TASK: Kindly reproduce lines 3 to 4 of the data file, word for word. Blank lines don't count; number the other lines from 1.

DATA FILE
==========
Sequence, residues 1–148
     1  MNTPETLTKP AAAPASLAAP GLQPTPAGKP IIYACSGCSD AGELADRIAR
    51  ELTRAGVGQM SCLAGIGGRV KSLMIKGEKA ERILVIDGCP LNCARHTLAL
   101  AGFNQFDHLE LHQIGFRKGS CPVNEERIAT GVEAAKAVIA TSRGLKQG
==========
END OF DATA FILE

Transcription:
    51  ELTRAGVGQM SCLAGIGGRV KSLMIKGEKA ERILVIDGCP LNCARHTLAL
   101  AGFNQFDHLE LHQIGFRKGS CPVNEERIAT GVEAAKAVIA TSRGLKQG